In areas of the island of Jolo, such as Maimbung, lived a people who came to be known in faint historical recollection as “Buranun” — a word whose etymology remains unclear. The word could have been a reference to bud, mountain; hence, people of the mountains, budanun, or interior. A man named Sipad was one chief of this population, as was his father before him, who was also named Sipad. Father and son Sipad, and presumably their forebears, were animists, although at least one scholar points out that “Sipad” likely derives from the Hindu Sri Pada. Hence, while the Sipads’ community was animist — understood the anima of rock formations and tombs — Indianization was taking place in Sulu at this time. The “Tagimahas” mentioned in the Sulu tarsila (genealogy) are Sama speakers from the nearby island that came to be known as Basilan. These Sama speakers were to self-identify, in time, as the Yakan. In the 13th C, these Tagimahas were, clearly, already experienced travelers. Of the “Baklayas,” the current scholarship speculates after the root –laya referring to seafaring. Both the references to these Baklayas and to Bajau (“from Juhur” as it is written) cite Sama speakers who have populated many parts of island Southeast Asia.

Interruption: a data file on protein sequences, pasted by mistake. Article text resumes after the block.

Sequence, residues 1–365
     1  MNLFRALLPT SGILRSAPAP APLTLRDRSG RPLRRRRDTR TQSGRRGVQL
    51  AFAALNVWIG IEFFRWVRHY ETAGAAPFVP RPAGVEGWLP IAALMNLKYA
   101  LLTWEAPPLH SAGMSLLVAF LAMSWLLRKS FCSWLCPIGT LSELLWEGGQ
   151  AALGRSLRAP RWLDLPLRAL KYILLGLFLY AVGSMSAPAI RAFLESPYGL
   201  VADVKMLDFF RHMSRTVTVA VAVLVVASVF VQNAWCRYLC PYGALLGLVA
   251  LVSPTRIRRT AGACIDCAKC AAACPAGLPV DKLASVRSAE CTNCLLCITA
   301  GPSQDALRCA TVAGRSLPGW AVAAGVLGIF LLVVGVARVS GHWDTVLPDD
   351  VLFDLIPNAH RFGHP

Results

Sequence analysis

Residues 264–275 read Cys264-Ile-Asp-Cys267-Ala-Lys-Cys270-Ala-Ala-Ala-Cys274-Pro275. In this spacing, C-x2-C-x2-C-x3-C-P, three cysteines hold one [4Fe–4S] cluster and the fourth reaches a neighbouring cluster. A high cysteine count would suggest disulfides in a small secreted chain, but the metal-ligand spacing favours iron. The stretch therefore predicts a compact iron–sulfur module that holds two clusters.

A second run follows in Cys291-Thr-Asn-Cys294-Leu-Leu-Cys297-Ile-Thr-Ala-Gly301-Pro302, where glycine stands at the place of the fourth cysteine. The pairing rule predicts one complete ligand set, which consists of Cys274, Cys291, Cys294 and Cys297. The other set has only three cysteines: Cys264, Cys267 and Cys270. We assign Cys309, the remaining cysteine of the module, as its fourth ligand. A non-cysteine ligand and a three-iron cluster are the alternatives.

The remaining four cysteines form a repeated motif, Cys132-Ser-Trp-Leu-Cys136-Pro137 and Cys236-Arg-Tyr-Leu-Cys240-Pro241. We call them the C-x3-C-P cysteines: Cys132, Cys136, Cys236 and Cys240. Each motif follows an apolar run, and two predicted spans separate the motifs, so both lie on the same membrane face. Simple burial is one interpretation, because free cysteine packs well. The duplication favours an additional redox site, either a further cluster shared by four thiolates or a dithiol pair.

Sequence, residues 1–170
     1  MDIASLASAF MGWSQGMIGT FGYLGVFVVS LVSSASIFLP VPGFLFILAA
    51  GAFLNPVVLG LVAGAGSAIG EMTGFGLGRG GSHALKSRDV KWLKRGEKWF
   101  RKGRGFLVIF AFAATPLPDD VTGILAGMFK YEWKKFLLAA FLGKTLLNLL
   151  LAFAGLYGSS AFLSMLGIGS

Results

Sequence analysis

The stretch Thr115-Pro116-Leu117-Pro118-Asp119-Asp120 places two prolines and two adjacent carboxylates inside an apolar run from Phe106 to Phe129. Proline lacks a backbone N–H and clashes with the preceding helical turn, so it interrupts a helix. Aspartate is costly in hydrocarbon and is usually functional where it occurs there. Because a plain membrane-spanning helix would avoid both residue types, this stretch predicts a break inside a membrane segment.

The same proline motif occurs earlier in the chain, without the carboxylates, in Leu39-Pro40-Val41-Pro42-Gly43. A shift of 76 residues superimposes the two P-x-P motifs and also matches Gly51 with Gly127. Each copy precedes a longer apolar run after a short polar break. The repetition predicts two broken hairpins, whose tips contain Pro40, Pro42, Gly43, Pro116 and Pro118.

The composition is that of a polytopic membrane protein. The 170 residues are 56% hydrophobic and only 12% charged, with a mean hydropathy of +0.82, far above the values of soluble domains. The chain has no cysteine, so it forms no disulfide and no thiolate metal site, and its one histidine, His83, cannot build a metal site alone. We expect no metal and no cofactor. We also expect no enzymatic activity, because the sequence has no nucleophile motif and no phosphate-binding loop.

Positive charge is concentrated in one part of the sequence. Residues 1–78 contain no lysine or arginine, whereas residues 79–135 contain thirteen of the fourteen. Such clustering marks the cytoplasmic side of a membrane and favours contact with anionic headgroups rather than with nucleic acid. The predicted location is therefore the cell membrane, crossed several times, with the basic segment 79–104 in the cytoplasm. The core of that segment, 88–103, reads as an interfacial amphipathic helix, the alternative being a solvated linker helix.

A mystic arrived in Jolo, and he is recalled in the succeeding centuries by the term Mashā′ikha, from the Arabic mashā′ikh, “an intelligent or pious man.” Little is known about the origins and early biography of Tuan Mashā′ikha, who acquired the Malay honorific Tuan (Sir) in the recollections, which invariably note that he was Muslim “who came from foreign lands” at the head of a fleet of sea-borne traders. His figure was, in time, also absorbed into local mythology: that he sprung from bamboo, regarded as a prophet, and thus accorded respect. That mythology is understood by anthropologists as belonging to the larger Austronesian mythic tradition, which, for the first time, absorbed Islam in the area of Maimbung where the mystic lived and married a local, the younger Sipad’s daughter.